First, try limiting bilingual dictionary use. For me, I find that once students reach an intermediate level, they tend to hinder their progress more than further it. My preference is to have no bilingual dictionaries in class, but that is not always possible. In such cases, limiting dictionary use to certain activities can encourage students to develop the skills that help them acquire new vocabulary without getting a translation for every word.
You should also have English only dictionaries available in class and encourage all of your students to use them. English only dictionaries are different because their definitions force students to make connections between English words rather than between English words and those of their first language. Make sure your dictionaries have simple definitions, those that will be easier for your ESL students to understand.
If you still have students struggling with dependence on bilingual dictionaries, it’s time to do some activities with nonsense words. Students can’t look up a word’s definition if it doesn’t really exist in the English language. Give your students exercises in which they must determine a word’s meaning from context by replacing said word with X or a made-up word such as buzzing. This activity will help them develop the skill they need to guess meaning of unfamiliar words in the future.
The This-is-keeping-me-back-from-real-language-use Student
In all of my years teaching ESL, I would guess that ninety percent of my students were planning on going on to an English speaking secondary school or using English in the business place. For some students, studying English can feel like an inconvenience, something that is keeping them from the real world. The problem is that students who are not adequately fluent (not perfectly fluent) will have far more struggles after their English studies. These students are very similar to the I’m-just-here-for-a-TOEFL-score students. None of them necessarily wants to learn English. Fluency is simply a hurdle to overcome before heading out to the real world. These students just want to get through the program as quickly as possible.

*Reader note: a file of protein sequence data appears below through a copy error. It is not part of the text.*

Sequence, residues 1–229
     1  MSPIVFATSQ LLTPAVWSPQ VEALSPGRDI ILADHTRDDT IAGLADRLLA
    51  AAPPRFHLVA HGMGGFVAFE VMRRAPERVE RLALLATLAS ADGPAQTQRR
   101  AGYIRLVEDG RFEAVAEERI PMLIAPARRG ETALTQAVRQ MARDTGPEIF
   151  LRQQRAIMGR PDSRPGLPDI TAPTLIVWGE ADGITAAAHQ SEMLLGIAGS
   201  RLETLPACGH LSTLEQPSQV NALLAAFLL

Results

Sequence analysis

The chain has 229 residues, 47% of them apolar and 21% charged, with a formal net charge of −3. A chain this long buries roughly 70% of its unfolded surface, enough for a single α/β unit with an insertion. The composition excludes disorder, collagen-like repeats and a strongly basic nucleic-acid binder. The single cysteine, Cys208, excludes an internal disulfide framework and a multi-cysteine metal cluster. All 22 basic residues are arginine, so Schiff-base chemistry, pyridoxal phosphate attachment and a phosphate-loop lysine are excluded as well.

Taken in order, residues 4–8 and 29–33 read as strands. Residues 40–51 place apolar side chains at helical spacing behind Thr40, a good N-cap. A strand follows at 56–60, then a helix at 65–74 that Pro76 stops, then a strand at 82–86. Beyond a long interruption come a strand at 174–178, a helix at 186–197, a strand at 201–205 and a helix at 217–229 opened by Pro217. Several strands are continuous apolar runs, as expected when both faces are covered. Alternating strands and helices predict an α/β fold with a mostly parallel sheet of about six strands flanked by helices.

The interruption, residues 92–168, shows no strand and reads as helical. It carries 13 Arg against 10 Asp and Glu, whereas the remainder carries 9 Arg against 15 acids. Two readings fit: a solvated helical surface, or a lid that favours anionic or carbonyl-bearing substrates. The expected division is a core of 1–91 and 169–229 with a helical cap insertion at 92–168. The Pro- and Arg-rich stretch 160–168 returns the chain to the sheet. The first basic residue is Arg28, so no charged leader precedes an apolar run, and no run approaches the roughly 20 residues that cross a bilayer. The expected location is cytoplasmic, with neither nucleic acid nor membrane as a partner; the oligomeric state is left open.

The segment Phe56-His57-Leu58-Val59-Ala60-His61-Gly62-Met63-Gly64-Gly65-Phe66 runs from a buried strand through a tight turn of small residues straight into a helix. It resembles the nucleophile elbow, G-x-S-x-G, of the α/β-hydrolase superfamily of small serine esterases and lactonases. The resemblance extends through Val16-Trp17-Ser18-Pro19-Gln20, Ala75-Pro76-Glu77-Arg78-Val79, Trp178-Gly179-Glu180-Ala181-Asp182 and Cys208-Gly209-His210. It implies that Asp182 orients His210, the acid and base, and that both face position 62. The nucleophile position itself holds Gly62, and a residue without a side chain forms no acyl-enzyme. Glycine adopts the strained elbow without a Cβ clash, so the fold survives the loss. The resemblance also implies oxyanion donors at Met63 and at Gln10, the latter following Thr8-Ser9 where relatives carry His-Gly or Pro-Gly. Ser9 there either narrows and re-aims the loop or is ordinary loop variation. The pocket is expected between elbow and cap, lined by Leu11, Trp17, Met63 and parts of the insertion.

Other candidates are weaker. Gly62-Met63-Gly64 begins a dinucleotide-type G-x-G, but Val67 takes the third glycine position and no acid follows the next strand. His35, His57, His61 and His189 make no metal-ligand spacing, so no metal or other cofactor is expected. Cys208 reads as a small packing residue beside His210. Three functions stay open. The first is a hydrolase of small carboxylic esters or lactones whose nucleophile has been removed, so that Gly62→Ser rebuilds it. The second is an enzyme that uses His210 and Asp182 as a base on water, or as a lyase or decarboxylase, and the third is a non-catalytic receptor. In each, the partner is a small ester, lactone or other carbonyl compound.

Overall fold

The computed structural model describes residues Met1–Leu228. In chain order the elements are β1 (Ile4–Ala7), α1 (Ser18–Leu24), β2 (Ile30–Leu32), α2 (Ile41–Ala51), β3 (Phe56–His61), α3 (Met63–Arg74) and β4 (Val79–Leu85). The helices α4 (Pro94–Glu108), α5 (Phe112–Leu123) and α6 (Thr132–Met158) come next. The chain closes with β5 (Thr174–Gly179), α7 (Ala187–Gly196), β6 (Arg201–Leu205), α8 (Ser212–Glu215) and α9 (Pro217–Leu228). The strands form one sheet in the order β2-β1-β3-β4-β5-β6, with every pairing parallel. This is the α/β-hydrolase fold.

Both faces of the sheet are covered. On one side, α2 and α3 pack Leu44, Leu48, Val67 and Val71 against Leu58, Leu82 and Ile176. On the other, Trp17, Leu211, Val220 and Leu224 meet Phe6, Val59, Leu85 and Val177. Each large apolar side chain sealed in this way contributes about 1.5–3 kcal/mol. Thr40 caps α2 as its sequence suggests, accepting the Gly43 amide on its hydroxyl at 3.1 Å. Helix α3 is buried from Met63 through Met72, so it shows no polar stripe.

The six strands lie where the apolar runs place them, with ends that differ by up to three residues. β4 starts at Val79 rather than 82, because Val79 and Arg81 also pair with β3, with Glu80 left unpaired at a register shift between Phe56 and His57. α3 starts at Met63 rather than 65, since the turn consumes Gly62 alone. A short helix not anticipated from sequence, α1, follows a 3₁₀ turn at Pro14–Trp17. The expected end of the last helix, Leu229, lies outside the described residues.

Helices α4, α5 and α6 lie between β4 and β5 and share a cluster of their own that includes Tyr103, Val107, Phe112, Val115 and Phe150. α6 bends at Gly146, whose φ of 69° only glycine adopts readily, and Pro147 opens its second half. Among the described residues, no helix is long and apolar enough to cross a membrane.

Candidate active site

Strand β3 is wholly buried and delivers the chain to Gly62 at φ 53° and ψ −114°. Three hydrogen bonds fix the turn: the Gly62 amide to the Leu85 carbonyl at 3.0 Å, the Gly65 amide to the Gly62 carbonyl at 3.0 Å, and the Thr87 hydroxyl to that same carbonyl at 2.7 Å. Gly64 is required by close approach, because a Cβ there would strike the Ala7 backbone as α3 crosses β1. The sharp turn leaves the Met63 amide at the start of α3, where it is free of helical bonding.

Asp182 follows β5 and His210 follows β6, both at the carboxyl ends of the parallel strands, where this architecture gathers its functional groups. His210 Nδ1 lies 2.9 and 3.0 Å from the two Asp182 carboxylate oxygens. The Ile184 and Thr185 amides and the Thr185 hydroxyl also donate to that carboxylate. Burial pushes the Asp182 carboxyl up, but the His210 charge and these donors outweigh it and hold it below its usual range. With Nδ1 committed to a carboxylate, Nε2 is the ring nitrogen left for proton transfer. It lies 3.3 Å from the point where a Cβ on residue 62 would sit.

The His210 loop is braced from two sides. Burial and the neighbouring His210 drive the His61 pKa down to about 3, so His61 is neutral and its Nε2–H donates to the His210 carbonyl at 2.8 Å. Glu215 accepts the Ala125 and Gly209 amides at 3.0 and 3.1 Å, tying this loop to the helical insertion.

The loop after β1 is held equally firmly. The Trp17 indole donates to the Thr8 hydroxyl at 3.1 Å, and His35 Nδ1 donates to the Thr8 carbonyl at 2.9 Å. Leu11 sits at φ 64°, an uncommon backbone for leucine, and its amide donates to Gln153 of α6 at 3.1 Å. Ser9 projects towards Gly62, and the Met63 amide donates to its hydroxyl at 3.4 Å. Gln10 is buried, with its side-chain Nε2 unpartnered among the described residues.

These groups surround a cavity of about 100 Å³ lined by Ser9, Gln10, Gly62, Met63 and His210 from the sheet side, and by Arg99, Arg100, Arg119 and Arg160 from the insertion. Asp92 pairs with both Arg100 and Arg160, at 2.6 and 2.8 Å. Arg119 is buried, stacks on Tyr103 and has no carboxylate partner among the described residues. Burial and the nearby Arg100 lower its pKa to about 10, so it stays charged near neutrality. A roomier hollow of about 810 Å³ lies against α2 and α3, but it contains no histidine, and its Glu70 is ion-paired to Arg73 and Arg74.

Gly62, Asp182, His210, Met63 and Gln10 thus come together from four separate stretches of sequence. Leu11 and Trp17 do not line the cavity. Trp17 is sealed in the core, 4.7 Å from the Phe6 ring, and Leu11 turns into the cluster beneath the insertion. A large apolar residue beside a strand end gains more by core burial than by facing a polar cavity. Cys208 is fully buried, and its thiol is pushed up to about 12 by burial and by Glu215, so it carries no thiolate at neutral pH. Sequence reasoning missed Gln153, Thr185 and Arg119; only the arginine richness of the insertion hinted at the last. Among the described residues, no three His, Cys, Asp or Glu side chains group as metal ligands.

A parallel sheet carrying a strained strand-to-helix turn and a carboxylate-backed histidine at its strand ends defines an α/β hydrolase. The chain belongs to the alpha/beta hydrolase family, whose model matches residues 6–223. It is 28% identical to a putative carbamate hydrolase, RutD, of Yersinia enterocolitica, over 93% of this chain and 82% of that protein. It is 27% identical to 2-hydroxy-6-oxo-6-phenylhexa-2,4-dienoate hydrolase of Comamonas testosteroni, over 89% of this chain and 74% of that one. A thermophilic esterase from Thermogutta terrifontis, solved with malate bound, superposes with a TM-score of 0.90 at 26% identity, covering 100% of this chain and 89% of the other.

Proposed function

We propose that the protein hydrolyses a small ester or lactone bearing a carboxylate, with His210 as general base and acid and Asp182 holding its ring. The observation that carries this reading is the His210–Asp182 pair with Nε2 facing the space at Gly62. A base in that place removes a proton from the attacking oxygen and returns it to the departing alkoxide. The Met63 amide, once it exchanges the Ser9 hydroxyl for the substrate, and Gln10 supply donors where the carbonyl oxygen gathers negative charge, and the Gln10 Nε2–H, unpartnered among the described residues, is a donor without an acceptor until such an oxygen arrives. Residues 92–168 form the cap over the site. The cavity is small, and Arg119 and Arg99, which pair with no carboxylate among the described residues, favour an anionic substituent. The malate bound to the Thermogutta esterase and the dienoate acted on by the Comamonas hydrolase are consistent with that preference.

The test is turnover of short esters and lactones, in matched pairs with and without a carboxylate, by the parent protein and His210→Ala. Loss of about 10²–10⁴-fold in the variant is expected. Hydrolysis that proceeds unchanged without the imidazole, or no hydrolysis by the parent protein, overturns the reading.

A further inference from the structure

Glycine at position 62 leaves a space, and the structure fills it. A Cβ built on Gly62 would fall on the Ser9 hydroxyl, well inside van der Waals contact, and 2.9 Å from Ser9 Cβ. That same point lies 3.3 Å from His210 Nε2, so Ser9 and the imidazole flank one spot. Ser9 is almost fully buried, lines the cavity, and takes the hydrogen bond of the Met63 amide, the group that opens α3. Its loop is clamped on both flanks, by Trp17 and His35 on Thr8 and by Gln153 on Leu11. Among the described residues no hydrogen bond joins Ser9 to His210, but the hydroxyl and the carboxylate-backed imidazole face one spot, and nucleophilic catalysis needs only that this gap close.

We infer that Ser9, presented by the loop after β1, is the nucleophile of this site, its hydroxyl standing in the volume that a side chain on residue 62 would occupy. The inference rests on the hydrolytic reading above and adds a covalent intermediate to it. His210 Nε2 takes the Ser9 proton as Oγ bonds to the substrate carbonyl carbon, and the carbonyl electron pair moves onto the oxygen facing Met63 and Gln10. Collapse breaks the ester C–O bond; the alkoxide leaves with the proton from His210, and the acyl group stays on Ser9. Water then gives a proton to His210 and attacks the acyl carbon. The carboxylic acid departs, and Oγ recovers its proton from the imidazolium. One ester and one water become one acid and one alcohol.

The underlying struggle with these students is impatience. They feel like they are wasting their time while studying the English language and want to move on to the real stuff.
To help these students, make your class as real-life applicable as possible. Rather than having them write an essay along the lines of how I spent my summer vacation, have them write a product comparison and recommendation for their company. Instead of playing news clips for listening practice, try using recorded college lectures. (You can probably find these in your college library or online.) Choose topics and assignments that directly relate to what your students will be doing after their English program. That way students feel like they are already doing the “real stuff” even though they are still studying the language. Another tip – if you have a class that has both pre-academic and pre-business students, give them different assignments that use the same skills. There is no rule that says half of your class can’t write an interoffice memo while the other half writes an email to a professor.
Teaching is challenging, but we love it.
That is why we do it. And while most of our students are as pleasant as punch, every once in a while we end up with students who challenge us. These student’s don’t have to be the end of your happy classroom. With a few simple strategies that problem student might just become your best student of all.